The rules limit wind turbines to less than 200 feet in height and prohibit any that require lighting. Setbacks are determined based on a formula that considers turbine height, sound levels and the number of turbines. The ordinance requires a developer to complete a shadow flicker study that examines the area within a 2-mile radius of any turbine. It prohibits turbine blades that glint in the sun.
NEW PORTLAND – Residents voted to borrow money for a new grader, pay down debt and enact a wind-facility ordinance at their annual Town Meeting on Saturday.
They also decided neither to approve money for a survey of Hancock Pond Road, nor to make the town clerk position an appointive one.
About 45 people filled the fire station’s community room for the three-hour meeting, in which residents approved raising about $446,270 in taxes to fund the 2012 budget.
The amount is about $2,500, or 0.5 percent, more than last year’s. It does not include the amount that will be taken from designated accounts or surplus.
In the bid for a selectman’s seat, Chairman Doug Archer beat Polly MacMichael, 61-49, in election voting Friday.
Alicia Wills is the new town clerk, winning with 69 votes. John Bertl received 19; Donna Stout, 27. Becky Taylor did not seek re-election.
A proposal by selectmen to raise $6,000 to survey Hancock Pond Road drew comments from some residents who said it wasn’t needed.
Road Commissioner Gary Agren said it’s important to know where the town’s right of way is so the town doesn’t encroach on someone’s land when doing road work.
“I realize $6,000 is a lot of money, but at the same time this will gain us knowledge beyond a shadow of a doubt to know where the road boundaries are,” Agren said.
Resident Brenda Stevens said people who live on the road aren’t pressing for a survey.
“This is not a bus route, and some of the other roads that need our attention are bus routes,” she said. “Where is the sense of urgency?”
Residents ultimately sided with the Budget Committee and voted not to raise any money for the survey project.
Residents later voted to borrow up to $65,000 for a new grader, and they approved $10,000 for a reserve account for future grader replacement.
Voters decided to keep the town clerk position an elective one.
Selectmen had argued that allowing them to appoint a person to the position would have granted them authority to determine when the town clerk works at the Town Office.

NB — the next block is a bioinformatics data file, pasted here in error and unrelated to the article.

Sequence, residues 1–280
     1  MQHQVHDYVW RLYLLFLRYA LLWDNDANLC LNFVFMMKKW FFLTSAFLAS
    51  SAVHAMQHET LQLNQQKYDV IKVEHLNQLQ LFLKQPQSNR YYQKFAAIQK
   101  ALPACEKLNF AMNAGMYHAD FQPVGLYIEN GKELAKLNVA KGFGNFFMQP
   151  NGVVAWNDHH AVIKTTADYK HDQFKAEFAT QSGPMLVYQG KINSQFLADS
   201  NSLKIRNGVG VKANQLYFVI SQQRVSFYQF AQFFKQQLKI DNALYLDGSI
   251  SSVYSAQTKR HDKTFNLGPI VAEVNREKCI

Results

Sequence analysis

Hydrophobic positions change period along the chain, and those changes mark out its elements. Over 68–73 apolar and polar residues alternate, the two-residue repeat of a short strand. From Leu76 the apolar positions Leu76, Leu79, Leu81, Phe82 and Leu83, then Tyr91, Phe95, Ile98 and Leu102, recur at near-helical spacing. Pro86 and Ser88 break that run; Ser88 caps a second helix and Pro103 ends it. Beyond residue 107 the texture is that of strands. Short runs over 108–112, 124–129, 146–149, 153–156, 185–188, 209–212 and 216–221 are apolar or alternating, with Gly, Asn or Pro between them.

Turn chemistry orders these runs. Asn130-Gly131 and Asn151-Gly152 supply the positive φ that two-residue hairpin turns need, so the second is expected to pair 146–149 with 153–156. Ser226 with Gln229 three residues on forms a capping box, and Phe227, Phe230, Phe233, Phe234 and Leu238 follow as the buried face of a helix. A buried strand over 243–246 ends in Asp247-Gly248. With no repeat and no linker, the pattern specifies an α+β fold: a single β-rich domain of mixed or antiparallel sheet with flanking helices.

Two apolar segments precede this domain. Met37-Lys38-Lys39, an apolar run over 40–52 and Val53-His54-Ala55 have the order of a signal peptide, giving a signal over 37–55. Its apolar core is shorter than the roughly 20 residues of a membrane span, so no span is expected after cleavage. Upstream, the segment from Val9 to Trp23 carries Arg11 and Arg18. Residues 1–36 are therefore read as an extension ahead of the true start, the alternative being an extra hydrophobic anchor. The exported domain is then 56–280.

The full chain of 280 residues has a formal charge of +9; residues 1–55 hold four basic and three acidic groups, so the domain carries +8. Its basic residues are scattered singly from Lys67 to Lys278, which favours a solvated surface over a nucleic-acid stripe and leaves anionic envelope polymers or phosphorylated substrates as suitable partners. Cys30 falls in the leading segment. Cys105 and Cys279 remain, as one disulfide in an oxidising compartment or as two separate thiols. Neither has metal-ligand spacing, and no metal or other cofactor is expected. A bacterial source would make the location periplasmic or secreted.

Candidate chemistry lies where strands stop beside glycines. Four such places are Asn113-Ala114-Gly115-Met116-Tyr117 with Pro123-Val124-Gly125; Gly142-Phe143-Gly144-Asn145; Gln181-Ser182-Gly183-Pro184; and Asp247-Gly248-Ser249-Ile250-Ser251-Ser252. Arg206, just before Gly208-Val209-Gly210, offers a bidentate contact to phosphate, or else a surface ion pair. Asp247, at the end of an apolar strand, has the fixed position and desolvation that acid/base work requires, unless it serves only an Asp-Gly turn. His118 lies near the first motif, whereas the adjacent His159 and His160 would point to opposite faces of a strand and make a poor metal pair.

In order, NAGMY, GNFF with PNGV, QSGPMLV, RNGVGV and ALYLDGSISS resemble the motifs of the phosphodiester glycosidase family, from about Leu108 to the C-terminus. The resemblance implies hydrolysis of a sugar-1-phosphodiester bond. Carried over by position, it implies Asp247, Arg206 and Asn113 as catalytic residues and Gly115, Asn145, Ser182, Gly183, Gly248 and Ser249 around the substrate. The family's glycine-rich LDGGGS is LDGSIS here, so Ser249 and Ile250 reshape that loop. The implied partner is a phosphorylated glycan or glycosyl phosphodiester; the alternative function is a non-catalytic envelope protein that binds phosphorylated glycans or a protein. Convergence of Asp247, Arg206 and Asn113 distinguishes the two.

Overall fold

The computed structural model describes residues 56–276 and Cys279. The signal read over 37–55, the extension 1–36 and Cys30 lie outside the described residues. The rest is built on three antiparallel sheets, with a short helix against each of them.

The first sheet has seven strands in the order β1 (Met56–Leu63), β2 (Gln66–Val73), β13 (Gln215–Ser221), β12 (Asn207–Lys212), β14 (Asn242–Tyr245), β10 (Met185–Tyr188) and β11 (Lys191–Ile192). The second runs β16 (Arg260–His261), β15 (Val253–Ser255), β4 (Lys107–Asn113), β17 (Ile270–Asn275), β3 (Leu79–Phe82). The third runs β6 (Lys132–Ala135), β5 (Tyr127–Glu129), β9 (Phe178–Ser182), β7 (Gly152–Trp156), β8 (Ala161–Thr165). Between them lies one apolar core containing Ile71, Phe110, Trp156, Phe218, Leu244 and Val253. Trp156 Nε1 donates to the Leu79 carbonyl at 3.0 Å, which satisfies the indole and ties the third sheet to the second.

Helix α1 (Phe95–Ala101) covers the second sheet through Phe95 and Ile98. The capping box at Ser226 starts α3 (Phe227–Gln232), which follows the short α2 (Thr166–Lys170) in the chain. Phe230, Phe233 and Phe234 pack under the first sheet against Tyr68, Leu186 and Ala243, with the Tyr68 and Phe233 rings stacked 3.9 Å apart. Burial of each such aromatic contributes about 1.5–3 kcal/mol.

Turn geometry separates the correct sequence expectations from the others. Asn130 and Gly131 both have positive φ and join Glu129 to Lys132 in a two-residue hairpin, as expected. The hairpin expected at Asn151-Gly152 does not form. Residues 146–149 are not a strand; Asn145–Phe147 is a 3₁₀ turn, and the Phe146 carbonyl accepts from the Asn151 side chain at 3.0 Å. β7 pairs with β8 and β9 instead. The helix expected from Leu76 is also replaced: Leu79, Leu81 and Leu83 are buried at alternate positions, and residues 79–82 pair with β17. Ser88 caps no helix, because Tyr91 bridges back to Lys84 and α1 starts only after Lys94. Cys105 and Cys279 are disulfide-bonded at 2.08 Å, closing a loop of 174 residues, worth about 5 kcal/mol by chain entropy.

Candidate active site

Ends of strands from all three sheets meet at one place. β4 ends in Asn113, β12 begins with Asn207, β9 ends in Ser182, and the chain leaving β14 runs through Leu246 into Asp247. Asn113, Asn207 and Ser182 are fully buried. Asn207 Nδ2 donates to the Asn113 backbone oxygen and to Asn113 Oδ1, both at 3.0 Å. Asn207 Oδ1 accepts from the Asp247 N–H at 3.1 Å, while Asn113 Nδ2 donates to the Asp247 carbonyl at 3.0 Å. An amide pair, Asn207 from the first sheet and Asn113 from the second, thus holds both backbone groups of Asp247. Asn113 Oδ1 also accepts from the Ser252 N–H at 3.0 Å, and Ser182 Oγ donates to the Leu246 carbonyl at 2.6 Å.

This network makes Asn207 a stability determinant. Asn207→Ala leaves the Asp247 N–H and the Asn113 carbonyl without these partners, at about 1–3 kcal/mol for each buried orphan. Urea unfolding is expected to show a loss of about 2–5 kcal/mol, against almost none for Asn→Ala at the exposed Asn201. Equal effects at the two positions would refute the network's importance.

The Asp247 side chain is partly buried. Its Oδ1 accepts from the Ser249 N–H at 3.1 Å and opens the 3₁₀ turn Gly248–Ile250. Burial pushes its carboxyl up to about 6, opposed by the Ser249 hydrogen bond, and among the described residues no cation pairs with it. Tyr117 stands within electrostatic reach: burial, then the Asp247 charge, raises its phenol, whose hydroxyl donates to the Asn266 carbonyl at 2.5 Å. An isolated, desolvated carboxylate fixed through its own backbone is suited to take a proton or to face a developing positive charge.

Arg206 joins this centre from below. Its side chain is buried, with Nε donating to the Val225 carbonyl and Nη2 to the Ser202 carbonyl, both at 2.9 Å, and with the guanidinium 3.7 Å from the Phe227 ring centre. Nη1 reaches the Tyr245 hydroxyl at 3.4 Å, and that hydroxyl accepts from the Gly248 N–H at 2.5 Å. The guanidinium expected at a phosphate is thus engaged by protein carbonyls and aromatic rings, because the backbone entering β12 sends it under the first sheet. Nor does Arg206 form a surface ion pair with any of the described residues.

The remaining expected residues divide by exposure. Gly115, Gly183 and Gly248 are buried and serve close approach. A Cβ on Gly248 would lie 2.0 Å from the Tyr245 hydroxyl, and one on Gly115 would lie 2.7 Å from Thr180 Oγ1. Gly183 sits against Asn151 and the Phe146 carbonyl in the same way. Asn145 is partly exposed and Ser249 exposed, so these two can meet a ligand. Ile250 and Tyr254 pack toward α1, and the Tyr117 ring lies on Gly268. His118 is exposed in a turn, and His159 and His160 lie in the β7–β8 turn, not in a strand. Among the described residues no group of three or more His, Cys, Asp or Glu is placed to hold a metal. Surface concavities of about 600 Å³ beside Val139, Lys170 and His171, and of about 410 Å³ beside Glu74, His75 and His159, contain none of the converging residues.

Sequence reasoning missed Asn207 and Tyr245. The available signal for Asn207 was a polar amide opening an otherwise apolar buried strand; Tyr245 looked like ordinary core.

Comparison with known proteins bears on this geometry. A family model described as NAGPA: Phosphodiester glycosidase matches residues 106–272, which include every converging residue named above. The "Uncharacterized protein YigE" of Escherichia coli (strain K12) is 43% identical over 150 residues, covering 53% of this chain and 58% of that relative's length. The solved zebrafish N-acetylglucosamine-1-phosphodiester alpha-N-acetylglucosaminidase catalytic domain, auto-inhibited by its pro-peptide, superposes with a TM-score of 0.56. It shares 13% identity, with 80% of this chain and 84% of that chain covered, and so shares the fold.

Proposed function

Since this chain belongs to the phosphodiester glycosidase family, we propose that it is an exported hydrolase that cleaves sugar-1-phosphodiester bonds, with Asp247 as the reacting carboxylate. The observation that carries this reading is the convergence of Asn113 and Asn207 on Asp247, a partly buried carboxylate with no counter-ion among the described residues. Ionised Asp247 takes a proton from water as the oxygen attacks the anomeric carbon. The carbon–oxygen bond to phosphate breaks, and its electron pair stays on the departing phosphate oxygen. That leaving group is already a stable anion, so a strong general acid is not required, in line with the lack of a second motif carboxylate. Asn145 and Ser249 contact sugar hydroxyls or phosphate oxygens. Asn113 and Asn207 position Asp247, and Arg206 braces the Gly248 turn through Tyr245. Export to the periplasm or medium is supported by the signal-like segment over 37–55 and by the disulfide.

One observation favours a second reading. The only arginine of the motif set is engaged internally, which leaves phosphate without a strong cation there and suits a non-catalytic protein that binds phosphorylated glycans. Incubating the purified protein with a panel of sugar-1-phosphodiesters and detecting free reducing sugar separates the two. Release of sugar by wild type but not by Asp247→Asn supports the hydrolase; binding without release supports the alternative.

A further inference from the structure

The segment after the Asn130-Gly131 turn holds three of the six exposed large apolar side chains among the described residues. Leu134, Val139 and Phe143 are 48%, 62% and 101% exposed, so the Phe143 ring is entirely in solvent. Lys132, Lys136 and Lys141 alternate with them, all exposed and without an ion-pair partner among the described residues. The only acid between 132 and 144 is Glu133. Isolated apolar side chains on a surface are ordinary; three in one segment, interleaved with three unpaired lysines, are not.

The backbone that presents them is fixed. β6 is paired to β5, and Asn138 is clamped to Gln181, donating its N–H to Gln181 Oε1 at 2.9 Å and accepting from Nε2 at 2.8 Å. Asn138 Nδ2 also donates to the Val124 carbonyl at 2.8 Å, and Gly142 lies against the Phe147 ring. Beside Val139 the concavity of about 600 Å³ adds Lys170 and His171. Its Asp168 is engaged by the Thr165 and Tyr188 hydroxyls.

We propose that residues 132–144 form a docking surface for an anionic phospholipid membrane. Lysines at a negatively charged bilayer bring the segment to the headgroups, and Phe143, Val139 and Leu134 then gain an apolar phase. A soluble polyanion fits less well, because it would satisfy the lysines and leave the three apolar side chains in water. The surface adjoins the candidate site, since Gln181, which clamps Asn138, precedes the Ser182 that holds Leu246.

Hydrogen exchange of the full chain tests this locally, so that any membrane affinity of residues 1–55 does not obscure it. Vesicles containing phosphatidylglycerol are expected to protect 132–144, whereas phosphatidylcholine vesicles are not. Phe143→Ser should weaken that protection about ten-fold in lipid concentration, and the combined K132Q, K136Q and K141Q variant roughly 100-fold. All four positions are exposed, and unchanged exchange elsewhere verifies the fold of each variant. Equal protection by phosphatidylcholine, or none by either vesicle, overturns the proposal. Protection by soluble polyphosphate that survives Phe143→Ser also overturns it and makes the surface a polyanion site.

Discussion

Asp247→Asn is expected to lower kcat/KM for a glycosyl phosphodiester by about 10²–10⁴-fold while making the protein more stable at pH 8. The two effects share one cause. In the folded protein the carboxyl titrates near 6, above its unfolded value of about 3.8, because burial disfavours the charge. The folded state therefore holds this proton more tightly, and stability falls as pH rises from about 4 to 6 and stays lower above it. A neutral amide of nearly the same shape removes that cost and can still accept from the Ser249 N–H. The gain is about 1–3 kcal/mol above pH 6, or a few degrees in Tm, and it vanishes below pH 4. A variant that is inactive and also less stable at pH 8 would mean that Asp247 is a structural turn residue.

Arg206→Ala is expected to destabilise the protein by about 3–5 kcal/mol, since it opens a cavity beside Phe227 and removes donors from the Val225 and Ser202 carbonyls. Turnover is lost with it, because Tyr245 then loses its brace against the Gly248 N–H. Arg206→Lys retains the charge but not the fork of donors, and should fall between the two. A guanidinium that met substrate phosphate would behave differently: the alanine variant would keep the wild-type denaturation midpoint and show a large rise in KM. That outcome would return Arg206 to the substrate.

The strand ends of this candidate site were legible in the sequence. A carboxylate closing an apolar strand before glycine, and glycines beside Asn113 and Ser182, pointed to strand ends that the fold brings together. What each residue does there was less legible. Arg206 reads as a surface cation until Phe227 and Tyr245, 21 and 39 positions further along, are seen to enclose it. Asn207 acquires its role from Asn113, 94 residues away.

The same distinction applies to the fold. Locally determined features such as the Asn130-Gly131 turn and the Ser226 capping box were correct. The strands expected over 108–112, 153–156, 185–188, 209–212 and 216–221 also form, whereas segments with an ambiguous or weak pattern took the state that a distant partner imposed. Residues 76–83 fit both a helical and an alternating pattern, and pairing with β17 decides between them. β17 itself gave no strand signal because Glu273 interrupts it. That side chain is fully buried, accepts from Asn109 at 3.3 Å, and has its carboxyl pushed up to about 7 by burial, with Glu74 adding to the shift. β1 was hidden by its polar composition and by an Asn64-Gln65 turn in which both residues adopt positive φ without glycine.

“Currently, for an elected position, there is no state statute that regulates the amount of hours your town clerk has to have office hours,” Town Manager Stacie Rundlett said. “We’ve heard from the townspeople that that’s a problem for them.”
The town has a recall procedure for elected officials.
Selectman Andrea Reichert said she originally had reservations about the position becoming an appointive one, but “to me the upside outweighs the downside in that as a community, we’re going to have a lot more service from the clerk’s office.”
Resident Dallas Landry said, “I personally hate to give up my vote.”
Another resident suggested the town wait to make a decision until voters can see a job description for the town clerk’s position.
Residents then voted down the proposal to let selectmen appoint the town clerk.
Voters next enacted a wind-energy facility ordinance, though there are no proposed wind-energy projects for the town.
“The ordinance is really for the protection of property owners,” resident Nora West said. “It’s not preventing wind towers. It’s giving them parameters.”
The rules limit wind turbines to less than 200 feet in height and prohibit any that require lighting. Setbacks are determined based on a formula that considers turbine height, sound levels and the number of turbines.
The ordinance requires a developer to complete a shadow flicker study that examines the area within a 2-mile radius of any turbine. It prohibits turbine blades that glint in the sun.
Residents also voted to take $110,500 from surplus and designated fund accounts to pay off loans for a firetruck and the Town Office construction.
Amendments by MacMichael – to put no money into a firetruck replacement account or a gravestone maintenance account – were defeated.
Residents approved $119,213 for administration, $22,857 for the ambulance service, $121,160 for summer roads, $198,000 for winter roads, $37,887 for Fire Department operations, $3,500 to produce the New Portlander newsletter and $3,500 for the New Portland Community Library.
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